A Master Mariners & Old India Hand's South African War & Great War campaign medal group of 3: Captain David Liddell Livingston, British India Steam Navigation Company & late Sind Volunteer Rifles, Lumsden's Horse & Bombay Volunteer Cavalry
- QSA. 'CC' 'OFS' 'Joh' (229 Tpr. D. L. Livingstone, Lumsden's Horse)
- British War Medal. Silver issue (D. L. Livingston.)
- Mercantile Marine War Service Medal (D. L. Livingston.)
Important: QSA medal and all clasps verified, per respective medal roll:
- QSA Medal & clasps: Ref WO 100/258. Shown on roll as 'Livingston'
Note: Trooper Livingston is confirmed as having served with No. 4 Section, B Company, Lumsden's Horse. At the time of his enlistment his civilian occupation and address were recorded as, 2nd Officer British India Steam Navigation Company, Calcutta (ref The History of Lumsden's Horse - A Complete Record of the Corps from its Formation to its Disbandment (Pearce, 1903)).
David Liddel Livingston, second son of Thomas Gott Livingston (a Priest / Vicar of Addingham in 1881) and Charlotte Willmott Livingston (nee Borrett) was a native of, Little Salkeld, Penrith, Cumberland, England, where he was born on 11 June 1875. David was one of seven children in the Livingston family, he was the youngest son. David's siblings comprised his older brother (Thomas) and five sisters (Frances Elizabeth, Sarah Laura Charlotte, Mary Dorothea, Emma Alice and Lucy. David Livingston was educated at Loretto Public School, Musselburgh, Midlothian, Scotland, where he was a boarder. After leaving school in 1891, David moved to Edinburgh, Scotland, and joined the Merchant Navy, his sailing career starting in 1891. On 28 December 1895, David obtained his Second Mates Certificate Of Competency for a Foreign Going Ship, having passed his exams at the Leith Marine Board Examinations. At the time of gaining his Second Mates Certificate his address was, 51 Gilmore Place, Edinburgh, Scotland. Shortly after gaining his 2nd Mates 'Ticket', David relocated to British India, where, he was, initially, based in Calcutta, and from where he sailed as a 2nd Officer with the British India Steam Navigation Company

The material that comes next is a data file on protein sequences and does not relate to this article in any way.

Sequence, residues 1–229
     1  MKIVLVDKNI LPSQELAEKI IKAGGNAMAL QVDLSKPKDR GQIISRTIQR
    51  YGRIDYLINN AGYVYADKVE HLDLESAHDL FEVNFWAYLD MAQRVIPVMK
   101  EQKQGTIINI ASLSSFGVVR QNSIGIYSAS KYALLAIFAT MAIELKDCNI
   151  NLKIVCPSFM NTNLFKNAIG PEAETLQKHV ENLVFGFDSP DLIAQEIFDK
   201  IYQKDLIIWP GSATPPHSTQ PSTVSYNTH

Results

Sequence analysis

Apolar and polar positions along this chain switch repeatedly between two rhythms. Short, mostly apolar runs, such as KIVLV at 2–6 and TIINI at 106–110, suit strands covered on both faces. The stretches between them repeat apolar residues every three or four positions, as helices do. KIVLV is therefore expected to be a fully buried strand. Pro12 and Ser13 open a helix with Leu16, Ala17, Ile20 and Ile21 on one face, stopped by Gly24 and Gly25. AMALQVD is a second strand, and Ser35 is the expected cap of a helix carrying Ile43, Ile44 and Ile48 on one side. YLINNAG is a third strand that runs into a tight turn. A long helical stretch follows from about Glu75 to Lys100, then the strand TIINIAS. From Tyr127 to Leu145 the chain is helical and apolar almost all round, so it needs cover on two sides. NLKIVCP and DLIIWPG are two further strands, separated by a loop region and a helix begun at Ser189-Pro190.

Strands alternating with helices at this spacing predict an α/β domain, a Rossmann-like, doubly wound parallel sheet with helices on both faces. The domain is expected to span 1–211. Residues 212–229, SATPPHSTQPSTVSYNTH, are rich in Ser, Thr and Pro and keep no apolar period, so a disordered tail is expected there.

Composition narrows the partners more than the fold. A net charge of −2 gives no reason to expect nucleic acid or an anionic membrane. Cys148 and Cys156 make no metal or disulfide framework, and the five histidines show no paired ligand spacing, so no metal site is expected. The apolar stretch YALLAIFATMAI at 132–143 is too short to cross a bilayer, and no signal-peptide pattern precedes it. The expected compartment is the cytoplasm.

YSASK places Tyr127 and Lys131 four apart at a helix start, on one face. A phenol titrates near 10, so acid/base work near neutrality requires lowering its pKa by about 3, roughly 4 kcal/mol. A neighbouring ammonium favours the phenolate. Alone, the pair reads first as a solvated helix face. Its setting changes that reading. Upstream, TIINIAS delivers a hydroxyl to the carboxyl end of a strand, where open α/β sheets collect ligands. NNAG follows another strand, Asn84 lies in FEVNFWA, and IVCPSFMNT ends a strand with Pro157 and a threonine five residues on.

Shortly after the outbreak of the South African War, David was one of a number of B.I.N.S. Co deck officers - many already serving in local Indian volunteer units - who took leave of their steamship employers and enlisted for overseas in the South African War, when they volunteered for service with the India raised 'Lumsden's Horse'
Lumsden's Horse, also known as Colonel Lumsden's Corps, was the name given to the Indian Mounted Infantry Corps, which was formed in Calcutta in 1899 by Lieutenant-Colonel Dugald McTavish Lumsden of the, Assam Valley Light Horse. The new corps was raised from volunteers from various existing Indian regiments, including the Assam Valley Light Horse. Colonel Lumsden contributed 50,000 rupees.
The Corps left Calcutta 250 strong in February 1900, consisting of two squadrons and a maxim gun detachment. It was commanded by Lieutenant Colonel D M Lumsden, of the Assam Valley Volunteers; while Lieutenant Colonel Eden C Showers, Commandant of the Surma Valley Light Horse, went as second in command with the rank of Major. 'A' Company sailed from Calcutta on 26th February 1900, and 'B' Company on 3rd March. 'A' Company landed at Cape Town and 'B' at East London, and both joined the army of Lord Roberts at Bloemfontein in April. On the 21st Lumsden's Horse marched out of camp to join General Tucker's Division, which had been holding the hills won at the battle of Karee Siding, 29th March. They were attached to a mounted infantry corps commanded by Colonel Ross, which consisted of Lumsden's Horse 240, Loch's Horse 220, West Riding and Oxford Light Infantry MI 220, and the 8th Battalion Regular MI 420.